Oil Price Plunges Below Zero

Oil Price Plunges Below Zero

April 21, 2020, 8:27 a.m.

Oil prices in New York crashed into negative territory for the first time in history on Monday as the coronavirus crisis saps demand. The unprecedented collapse means that producers would be paying buyers to take oil off their hands reports international media.

According to media, the WTI futures for May delivery fell to minus 37.63 dollars per barrel at one point. The price is now in positive territory, but hovering just above zero. The drop is partly due to market mechanics with the May delivery contract close to expiring, its trading volume was light.

“Storage facilities are also at their limits as producers run out of places to keep the oil. Market players say that traders dumped the May contract as the costs to store and transport crude oil are expected to be higher with no potential consumers,” said media.

Last week, major oil producers including Saudi Arabia and Russia reached a deal to prop up prices by cutting production by nearly 10 million barrels a day.

But that still isn't expected to counter evaporating demand for oil. Market players warn there could be a serious economic impact.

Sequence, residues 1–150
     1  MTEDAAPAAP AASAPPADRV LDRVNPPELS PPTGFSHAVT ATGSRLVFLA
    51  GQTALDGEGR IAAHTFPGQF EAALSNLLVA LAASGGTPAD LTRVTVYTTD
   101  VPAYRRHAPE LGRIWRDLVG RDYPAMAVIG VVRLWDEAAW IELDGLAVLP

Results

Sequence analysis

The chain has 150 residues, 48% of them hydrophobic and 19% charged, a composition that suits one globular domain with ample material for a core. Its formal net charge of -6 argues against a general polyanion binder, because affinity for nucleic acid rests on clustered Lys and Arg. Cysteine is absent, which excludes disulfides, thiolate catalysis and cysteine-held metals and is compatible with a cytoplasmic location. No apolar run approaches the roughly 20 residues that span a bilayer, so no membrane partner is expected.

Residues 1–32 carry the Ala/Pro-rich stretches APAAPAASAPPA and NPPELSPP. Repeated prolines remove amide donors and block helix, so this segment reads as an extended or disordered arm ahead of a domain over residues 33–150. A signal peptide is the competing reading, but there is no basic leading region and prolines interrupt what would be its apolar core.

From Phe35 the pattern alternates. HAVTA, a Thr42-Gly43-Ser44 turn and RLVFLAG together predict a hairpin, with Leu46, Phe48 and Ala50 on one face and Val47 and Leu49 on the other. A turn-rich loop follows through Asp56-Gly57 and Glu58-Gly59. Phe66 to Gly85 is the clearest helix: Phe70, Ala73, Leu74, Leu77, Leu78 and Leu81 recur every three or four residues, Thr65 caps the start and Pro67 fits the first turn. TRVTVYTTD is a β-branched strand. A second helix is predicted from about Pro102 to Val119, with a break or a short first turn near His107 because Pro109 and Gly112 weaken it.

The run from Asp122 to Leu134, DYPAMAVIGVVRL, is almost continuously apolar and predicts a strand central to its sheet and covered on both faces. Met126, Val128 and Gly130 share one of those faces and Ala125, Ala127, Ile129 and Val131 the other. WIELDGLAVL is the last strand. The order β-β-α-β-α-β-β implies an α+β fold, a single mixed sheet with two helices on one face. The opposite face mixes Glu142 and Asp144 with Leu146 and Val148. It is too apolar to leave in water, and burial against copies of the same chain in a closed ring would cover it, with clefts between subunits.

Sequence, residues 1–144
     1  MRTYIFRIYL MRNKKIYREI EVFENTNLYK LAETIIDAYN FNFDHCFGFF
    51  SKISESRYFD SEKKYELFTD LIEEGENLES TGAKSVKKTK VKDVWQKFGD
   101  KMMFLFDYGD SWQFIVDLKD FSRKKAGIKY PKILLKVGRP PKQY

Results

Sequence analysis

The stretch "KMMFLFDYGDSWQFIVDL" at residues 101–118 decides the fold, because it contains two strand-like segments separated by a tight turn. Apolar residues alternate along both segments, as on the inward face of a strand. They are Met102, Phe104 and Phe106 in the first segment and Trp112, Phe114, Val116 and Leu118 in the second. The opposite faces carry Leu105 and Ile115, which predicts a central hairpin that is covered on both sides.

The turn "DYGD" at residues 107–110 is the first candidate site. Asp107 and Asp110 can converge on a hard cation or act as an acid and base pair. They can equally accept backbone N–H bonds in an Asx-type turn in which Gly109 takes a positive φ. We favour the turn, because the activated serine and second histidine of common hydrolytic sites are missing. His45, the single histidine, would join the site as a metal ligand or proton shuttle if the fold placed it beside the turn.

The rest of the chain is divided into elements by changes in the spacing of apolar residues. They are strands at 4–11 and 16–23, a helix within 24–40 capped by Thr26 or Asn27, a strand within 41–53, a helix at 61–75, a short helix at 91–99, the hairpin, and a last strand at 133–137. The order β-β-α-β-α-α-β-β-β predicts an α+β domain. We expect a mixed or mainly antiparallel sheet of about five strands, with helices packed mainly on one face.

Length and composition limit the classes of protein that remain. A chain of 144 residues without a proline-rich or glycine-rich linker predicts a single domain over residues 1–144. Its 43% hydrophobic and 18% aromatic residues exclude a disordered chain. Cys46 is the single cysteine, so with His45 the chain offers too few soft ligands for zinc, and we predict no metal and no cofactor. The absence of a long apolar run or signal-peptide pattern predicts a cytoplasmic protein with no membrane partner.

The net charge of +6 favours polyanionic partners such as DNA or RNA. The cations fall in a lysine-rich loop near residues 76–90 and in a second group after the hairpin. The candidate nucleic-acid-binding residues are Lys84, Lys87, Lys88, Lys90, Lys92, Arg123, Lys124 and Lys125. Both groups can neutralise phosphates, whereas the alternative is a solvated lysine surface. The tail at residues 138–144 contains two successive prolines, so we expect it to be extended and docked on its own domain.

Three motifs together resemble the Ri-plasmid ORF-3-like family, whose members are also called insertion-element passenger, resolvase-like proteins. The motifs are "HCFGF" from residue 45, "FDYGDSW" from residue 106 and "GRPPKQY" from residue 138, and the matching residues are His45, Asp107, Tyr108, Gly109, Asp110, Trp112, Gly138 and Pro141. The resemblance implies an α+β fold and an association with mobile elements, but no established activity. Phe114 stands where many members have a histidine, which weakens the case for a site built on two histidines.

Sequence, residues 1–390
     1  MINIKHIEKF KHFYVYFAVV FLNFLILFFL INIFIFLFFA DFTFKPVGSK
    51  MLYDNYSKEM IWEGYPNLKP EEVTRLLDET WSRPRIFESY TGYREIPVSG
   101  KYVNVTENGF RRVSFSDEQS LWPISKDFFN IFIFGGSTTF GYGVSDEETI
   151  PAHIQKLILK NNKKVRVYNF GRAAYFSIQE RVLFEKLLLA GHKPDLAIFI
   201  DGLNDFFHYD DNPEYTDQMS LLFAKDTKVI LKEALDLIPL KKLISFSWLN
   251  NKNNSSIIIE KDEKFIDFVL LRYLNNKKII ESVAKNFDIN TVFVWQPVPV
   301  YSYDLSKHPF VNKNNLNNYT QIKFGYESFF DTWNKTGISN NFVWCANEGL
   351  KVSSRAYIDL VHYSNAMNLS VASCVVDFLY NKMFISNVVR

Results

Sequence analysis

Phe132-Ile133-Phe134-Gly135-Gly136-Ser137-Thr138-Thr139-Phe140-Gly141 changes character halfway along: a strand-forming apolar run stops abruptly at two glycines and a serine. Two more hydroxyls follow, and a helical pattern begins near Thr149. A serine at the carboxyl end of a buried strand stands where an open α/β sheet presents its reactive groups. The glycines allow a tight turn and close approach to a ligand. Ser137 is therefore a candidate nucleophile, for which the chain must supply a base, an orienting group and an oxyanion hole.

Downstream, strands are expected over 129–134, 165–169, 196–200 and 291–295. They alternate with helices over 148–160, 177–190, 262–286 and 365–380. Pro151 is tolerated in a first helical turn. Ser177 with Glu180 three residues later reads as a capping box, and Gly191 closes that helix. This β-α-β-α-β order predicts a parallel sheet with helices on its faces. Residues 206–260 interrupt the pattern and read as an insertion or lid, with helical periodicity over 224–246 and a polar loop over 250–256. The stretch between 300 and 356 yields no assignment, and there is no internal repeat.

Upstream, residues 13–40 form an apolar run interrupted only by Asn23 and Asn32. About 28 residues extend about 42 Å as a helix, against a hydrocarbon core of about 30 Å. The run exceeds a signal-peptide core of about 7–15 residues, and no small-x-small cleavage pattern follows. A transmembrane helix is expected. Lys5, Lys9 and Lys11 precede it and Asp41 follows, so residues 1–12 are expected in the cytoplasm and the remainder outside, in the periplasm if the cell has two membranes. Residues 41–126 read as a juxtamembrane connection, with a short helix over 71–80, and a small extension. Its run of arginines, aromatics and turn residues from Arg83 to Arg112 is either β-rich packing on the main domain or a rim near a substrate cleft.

Oil To Hit U.S. Shores As Prices Hit $10

The highest number of Saudi oil shipments in years are making their way to the United States this month, threatening to make an already dire situation in the U.S. oil industry even worse reports Oil Price online.

The report says with oil demand crashing in the lockdown and storage capacity filling up fast, more Saudi oil imports is the last thing the U.S. oil market needs right now.

In times of lockdowns and social distancing, inventories in the U.S. are soaring, storage capacity is stretching thin in many areas, producers are idling rigs and curtailing production, and some regional grades are priced so low that they could soon turn negative. In other words, producers may have to pay their customers to help them get rid of the oil they have pumped.

In early April, tanker-tracking data compiled by Bloomberg showed that Saudi Arabia – the world’s top oil exporter – was making good on its promise to flood the world with oil even as demand collapses, with a surge in tankers carrying Saudi crude to the United States.

Last week, The Wall Street Journal reported that the volume of Saudi crude en route to the United States is seven times higher than the typical monthly intake of Saudi oil in 2019.

The tankers were loaded before OPEC+ struck a new agreement to take 9.7 million bpd off the market in May and June when Saudi Arabia had embarked on an aggressive price war for market share after the previous OPEC+ deal collapsed in early March.

On April 1, when the previous agreement expired, Saudi Aramco boasted that it was “breaking records to supply 15 tankers with over 18.8 million barrels of oil,”

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